Our last stop was the girl who lived behind the stack of old tires–her house an afterthought built in a pile of rubbish. She’d drag her feet through the dirt; climb the bus steps as if wading through slush. Kinky brown hair–a Brillo pad sewn on her head, skin the color of sour milk, men’s thick-soled loafers for shoes.
She never spoke, just sat there, staring straight ahead, watching the cold road. Her sister, a kid with drowsy lids and no eyelashes, got run over by their father. Drunk one night, barreling down the driveway, foot heavy on the pedal, sticky head on the back of his bucket seat.
He’d wait for the bus most afternoons, slipshod on his rusted glider, sleeves rolled up, pocked checks, slim feet bared to the sun.
The brothers from Coal Road sat behind her–a whole brood, ranging in color and size; one was squat, one tall, the other an ugly sexy beast of a boy, all slick and prickly. The boy with the perfect feathered hair, curled round, his lips all muscle and hustle.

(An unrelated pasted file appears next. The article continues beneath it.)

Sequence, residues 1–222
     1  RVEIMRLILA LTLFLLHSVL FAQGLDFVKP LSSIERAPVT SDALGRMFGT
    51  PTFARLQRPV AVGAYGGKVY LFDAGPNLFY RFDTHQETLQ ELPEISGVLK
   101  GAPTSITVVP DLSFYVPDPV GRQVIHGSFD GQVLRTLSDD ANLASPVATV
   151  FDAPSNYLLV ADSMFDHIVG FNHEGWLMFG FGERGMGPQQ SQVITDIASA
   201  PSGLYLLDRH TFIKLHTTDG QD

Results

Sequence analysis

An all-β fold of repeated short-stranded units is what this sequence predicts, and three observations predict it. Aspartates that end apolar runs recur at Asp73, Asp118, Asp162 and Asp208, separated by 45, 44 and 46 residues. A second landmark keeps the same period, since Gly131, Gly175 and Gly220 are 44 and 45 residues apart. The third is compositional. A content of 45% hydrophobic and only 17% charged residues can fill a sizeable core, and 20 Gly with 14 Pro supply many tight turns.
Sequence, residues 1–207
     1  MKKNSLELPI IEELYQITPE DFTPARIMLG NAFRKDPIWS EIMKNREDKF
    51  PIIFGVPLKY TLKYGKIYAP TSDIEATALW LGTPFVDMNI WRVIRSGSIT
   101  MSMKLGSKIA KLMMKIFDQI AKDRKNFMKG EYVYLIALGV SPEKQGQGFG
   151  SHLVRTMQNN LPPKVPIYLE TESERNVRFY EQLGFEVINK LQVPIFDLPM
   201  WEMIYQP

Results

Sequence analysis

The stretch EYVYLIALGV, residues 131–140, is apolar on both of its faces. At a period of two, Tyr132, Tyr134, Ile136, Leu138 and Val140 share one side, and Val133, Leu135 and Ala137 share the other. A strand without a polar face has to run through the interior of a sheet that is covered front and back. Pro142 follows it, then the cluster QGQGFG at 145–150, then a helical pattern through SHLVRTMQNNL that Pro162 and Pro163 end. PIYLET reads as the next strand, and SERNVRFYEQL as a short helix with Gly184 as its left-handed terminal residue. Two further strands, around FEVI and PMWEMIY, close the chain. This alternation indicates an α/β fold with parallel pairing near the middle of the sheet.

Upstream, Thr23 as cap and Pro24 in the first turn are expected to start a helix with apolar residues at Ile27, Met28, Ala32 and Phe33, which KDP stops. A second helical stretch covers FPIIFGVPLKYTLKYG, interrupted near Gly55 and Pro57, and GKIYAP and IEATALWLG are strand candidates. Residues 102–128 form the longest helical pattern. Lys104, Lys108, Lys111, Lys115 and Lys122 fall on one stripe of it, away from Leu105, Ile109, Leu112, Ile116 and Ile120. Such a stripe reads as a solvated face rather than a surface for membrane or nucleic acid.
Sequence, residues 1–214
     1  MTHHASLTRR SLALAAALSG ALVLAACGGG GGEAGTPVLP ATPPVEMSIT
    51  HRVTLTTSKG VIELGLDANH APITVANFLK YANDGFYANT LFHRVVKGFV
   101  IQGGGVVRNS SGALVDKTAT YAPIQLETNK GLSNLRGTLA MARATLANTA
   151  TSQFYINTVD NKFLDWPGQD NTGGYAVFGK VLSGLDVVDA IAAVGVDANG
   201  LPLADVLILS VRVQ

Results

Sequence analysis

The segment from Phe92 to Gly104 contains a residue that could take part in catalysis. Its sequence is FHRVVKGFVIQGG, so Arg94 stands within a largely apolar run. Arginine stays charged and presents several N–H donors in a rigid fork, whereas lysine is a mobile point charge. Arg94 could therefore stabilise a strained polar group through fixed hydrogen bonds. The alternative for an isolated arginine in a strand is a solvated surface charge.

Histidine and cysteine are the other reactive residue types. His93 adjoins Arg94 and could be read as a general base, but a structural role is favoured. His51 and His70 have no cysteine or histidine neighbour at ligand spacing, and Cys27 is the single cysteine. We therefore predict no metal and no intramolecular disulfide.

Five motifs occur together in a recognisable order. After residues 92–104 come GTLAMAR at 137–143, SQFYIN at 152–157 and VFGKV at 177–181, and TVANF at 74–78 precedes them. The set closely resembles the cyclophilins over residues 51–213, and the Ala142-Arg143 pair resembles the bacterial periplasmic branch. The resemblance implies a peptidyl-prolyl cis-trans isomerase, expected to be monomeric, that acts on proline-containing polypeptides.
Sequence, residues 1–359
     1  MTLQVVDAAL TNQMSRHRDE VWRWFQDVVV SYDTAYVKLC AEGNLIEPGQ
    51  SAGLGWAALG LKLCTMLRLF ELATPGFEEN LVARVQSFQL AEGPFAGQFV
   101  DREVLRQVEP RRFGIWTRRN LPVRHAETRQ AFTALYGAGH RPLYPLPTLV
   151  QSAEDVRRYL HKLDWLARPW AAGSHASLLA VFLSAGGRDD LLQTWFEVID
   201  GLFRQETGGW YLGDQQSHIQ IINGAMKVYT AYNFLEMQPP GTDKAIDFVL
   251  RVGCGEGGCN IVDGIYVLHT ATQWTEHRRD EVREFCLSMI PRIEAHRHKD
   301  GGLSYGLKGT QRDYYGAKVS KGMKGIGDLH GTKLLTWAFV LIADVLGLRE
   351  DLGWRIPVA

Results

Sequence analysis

“Bus Stop” was drawn on an ipad by Kara Jansson Kovacev. In this case, the words inspired the drawing but often the art inspires the words. Shelagh’s request to Kara: I’ve conjured up a cast of wayward characters–feel like illustrating them? They frequently collaborate on projects combining the two mediums and are considering extending this one into a series.
Kara Jansson Kovacev is an artist living in New York City. Her iPhone/iPad drawings have been featured in the Washington Post, the Huffington Post, Beautiful Decay, Electric Lit’s Outlet, the Incliner and WNYC. She is a founder of iAMDA (International Association of Mobile Digital Artists). Her work can be seen at www.cloudbuilder.com
Shelagh Power-Chopra’s work appears or is forthcoming in BLIP, failbetter, Juked, Electric Lit’s Outlet, Vol. 1 Brooklyn, The Significant Objects Project, Fwriction Review, Metazen and elsewhere.